How exciting was that Superbowl? Could anyone have written a better script?
The greatest quarterback of all time…making the greatest comeback of all time…in the greatest championship game of all time!
And can we also proclaim Lady Gaga’s bungie jump/mic drop/cannon ball combo the greatest halftime show ever?
While historical data may support several of these claims (ie. first overtime in Superbowl history and largest deficit overcome in a Superbowl), others are highly debatable.
For example, was this the greatest championship game?
I’m not nearly qualified enough to answer that question, but I know several folks who may disagree.
Like the folks who thought:
- Just one month ago, Clemson beat Alabama with 1 second left in the greatest College Football Championship game.
- In November, the Chicago Cubs came back from a 3-1 deficit to beat the Cleveland Indians in the 10th inning of game 7 to win the greatest World Series.
- In June, the Cleveland Cavaliers came back from a 3-1 deficit to beat the Golden State Warriors in game 7 thanks to “The Block” in the greatest NBA Championship.
- In April, Villanova hit a game winning 3-pointer at the buzzer to beat North Carolina after they also hit a spectacular game-tying 3-pointer in the greatest NCAA Men’s Basketball Championship.
Is it possible that so much greatness was jam-packed into one year or are our minds playing tricks on us?
We’ve undoubtedly been treated to some exciting sporting events in the last year, but I attribute much of the clamor to “recency bias.”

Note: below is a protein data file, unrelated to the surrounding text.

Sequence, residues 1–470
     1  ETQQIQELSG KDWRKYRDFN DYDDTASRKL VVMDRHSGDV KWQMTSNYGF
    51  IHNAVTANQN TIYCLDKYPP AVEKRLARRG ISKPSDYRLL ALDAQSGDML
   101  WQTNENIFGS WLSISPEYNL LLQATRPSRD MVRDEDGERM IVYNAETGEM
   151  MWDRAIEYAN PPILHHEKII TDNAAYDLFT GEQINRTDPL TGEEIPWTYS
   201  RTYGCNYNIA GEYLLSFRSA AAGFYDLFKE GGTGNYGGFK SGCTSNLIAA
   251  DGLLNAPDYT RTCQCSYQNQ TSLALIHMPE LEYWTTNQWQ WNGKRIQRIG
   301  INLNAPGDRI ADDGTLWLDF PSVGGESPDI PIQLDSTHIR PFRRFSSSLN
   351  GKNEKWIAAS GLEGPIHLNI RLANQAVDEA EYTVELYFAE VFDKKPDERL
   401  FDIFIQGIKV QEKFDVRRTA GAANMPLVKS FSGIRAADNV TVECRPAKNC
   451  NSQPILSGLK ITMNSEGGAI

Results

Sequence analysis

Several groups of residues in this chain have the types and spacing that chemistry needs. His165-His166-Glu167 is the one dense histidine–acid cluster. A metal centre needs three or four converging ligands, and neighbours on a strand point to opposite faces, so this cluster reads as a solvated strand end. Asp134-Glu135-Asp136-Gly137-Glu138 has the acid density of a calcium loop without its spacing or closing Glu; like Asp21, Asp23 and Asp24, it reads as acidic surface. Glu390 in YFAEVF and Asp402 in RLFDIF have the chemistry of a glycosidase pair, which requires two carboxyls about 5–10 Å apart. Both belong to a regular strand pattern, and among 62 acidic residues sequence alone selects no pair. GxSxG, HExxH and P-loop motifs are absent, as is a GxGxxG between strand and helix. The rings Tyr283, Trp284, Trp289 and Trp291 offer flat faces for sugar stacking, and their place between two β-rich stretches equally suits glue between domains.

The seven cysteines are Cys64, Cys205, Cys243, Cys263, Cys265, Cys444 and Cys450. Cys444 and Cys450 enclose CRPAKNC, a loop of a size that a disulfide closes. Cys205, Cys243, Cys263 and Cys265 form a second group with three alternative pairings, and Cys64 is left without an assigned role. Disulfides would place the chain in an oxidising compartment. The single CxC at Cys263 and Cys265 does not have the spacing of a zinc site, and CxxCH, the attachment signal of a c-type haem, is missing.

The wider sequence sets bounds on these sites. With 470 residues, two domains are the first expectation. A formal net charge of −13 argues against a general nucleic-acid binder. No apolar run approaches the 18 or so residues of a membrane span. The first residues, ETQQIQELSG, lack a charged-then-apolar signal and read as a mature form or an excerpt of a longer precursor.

Keep reading to find out if you are guilty of the recency bias along with several other cognitive biases causing you and me to think irrationally.
Here are 7 Ways Your Brain May Be Costing You Money
Recency bias is “the phenomenon of a person most easily remembering something that has happened recently, compared to remembering something that may have occurred a while back.”
It’s why people leave the movie theater, after seeing La La Land, texting their friends nonsense like, “OMG BEST MOVIE EVA!”
Too young to remember Forrest Gump?
What are you, like 12?” <–proper way to refer to someone younger than you
Kidding aside, the recency bias impacts several areas of our lives – including how we manage our money.
For example, it may explain why millennials are scared to invest in the stock market. The great recession is fresh in our minds and, therefore, it receives heavier weighting in our decision-making than the average returns of the last 100 years.
If you’re one of the millennials who has fallen victim to this fear, then the recency bias may be to blame for your inability to comfortably retire later on. Now, that’s scary.
Mental accounting refers to the inclination to handle money differently depending on where it comes from, where it is kept, or how it is spent.